A Langley man, sentenced in a $6-million fraud case on Monday, said he received death threats from a co-accused, who he claims has ties to the Hells Angels biker gang.
Kirk Roberts, 50, was given a two-year conditional sentence, including 18 months of strict house arrest, during a hearing in New Westminster Supreme Court this week. He was sentenced for his part in the Aggressive Roadbuilders fraud.
Roberts was a senior employee of Matt Brooks, the former owner of Aggressive Roadbuilders who, in 2017, was sentenced to three and a half years in prison for the scheme.
Back in 2007 and 2008, Aggressive Roadbuilders – a firm based in Langley – had a multi-million-dollar line of credit with ScotiaBank. But the line of credit was issued based on fraudulent documents claiming Aggressive was owed millions for road projects it had already completed.
In fact, despite building roads for communities including Delta, Surrey, Burnaby, Abbotsford, and Langley, Aggressive was owed a fraction of the total amount the company claimed. And when ScotiaBank called in auditors, the scheme rapidly unravelled in the summer of 2008.
Aggressive went bankrupt.
Although Roberts knowingly provided the bank with false documents, Justice Palbinder Shergill found that he deserved a lighter sentence – partly because “he was not the mastermind or the directing mind in this fraud.”
She noted his “grossly misdirected loyalty” to Brooks, his former boss.
The judge quoted a statement Roberts made in his pre-sentencing report about Brooks: “I would have run for cover if I knew then what I know now.”
Shergill also found that, aside from ongoing employment and a comfortable wage, Roberts received no material benefit from the fraud. He didn’t receive any part of the $6 million that went missing, and which has never been fully accounted for in the court proceedings for either Roberts or Brooks.
The $7-million line of credit from ScotiaBank was used by Aggressive to pay back an identical line of credit from their previous bank, RBC.
The court has also heard, during sentencing arguments, that Brooks “treated the business bank account as his own,” according to Roberts’ defence lawyer Ian Donaldson, withdrawing money and sometimes depositing money from non-business sources.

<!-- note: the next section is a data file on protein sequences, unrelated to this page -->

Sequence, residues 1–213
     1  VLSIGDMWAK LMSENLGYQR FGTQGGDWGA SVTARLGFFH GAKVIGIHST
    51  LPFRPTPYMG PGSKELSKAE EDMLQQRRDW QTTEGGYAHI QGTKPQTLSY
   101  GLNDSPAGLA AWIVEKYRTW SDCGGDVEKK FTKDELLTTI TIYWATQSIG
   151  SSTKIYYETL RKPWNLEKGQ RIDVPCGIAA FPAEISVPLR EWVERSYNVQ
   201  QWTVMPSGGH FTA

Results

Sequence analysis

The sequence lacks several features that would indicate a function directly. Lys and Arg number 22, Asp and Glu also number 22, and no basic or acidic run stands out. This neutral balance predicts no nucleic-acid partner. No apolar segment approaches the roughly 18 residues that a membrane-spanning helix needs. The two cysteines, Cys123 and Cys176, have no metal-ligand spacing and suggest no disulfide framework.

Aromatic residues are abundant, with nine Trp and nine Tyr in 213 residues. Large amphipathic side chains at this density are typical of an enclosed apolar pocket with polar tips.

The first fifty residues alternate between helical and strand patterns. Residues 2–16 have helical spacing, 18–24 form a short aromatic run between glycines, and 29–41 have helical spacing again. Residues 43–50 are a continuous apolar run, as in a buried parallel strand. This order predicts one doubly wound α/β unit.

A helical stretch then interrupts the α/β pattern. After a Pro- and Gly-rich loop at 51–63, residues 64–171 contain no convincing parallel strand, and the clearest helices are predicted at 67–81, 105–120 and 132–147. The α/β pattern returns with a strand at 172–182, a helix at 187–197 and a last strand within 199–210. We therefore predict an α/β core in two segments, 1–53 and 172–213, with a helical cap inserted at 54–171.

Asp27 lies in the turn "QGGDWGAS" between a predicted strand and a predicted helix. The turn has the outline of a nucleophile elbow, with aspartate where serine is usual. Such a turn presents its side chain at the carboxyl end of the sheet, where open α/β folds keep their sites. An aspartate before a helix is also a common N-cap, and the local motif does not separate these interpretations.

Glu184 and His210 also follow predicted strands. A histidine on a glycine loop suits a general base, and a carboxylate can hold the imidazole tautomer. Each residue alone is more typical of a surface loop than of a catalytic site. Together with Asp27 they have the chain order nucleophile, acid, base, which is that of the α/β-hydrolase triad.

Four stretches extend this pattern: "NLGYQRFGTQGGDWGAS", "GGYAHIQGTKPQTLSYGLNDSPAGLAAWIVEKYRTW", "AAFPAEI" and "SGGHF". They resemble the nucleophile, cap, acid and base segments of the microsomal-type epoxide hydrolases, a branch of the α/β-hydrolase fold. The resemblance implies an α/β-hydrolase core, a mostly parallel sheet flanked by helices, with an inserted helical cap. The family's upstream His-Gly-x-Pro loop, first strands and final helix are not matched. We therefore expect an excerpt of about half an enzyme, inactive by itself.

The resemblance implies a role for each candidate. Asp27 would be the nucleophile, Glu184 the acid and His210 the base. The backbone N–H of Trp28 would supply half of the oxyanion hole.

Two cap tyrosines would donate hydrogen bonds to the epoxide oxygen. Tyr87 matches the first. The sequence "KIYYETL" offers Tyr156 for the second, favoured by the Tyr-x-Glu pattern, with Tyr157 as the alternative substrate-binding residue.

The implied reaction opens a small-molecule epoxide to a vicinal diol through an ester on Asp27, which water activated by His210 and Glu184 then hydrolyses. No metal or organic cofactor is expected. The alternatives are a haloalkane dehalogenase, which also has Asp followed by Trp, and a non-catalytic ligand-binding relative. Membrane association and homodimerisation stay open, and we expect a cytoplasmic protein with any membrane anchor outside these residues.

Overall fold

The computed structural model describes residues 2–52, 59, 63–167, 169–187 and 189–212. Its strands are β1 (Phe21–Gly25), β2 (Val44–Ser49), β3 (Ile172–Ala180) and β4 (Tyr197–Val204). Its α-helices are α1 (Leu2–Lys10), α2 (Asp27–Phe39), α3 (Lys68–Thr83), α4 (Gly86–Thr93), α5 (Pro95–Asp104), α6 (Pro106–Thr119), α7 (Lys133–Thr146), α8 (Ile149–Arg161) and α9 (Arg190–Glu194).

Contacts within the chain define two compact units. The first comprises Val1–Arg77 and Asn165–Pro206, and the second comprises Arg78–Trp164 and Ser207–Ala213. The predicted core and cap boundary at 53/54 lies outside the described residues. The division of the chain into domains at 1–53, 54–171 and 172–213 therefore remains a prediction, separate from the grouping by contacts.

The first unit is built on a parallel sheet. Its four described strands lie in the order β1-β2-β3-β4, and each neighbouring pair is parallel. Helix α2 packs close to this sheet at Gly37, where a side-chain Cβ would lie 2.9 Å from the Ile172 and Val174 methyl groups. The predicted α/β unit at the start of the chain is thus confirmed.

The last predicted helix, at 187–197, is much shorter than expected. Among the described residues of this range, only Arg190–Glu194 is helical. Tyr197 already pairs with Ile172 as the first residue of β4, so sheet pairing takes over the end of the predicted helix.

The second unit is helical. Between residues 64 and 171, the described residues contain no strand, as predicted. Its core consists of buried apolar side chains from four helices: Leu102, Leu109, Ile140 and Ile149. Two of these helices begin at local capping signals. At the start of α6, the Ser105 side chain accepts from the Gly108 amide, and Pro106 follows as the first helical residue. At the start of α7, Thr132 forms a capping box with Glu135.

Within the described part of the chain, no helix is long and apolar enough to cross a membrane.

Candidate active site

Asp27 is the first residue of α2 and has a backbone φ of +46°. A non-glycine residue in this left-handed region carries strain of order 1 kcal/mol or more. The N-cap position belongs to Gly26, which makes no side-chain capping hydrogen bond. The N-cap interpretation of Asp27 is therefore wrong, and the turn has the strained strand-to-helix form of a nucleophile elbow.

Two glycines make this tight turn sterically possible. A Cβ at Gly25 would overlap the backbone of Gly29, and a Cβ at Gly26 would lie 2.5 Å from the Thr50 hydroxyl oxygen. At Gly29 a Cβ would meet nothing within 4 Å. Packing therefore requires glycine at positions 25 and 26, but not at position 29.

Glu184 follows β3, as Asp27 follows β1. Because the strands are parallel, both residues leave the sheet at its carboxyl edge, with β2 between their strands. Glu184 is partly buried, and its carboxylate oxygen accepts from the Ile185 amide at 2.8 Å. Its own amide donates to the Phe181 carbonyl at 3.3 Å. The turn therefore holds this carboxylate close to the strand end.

In his sentencing in 2017, Brooks’ lawyer mentioned a drive-by shooting at his Langley home in 2011. He claimed the tires of his vehicle were shot out in 2014, and various threats were made against him. He never said who was making the threats.
Roberts, too, was the target of threats, including at least one alleged death threat from Brooks, Shergill noted during her sentencing. He said he had received threatening phone calls at his home, threatening letters, and had seen cars parked outside his home. Two threats were reported to the police, the judge said.
Shergill noted claims by Roberts that Brooks is an associate of Hells Angels gang members.
Despite the claims of violence and intimidation made during both sentencing hearings, no one aside from Brooks and Roberts has ever been charged in relation to the fraud.
Shergill noted the fraud was a first offence for Roberts, who has not been convicted of any crime since the scheme broke down in 2008.
He had many letters of support from friends, family, and employees at the firm he currently runs, Blackrete Contracting – which continues to build roads for local municipal governments.
Roberts’ conditional sentence is a strict version of its kind. Rather than being behind bars, he will be confined to his Langley home for the first 18 months, only allowed to leave to complete his community service, or – with permission from a court-appointed supervisor – for a maximum of seven hours a week for reasons such as medical or dental visits.
For the final six months of his sentence, he will be under a curfew from 9 p.m. to 6 a.m.
If he violates the terms of his conditional sentence, it could be converted into a standard prison sentence.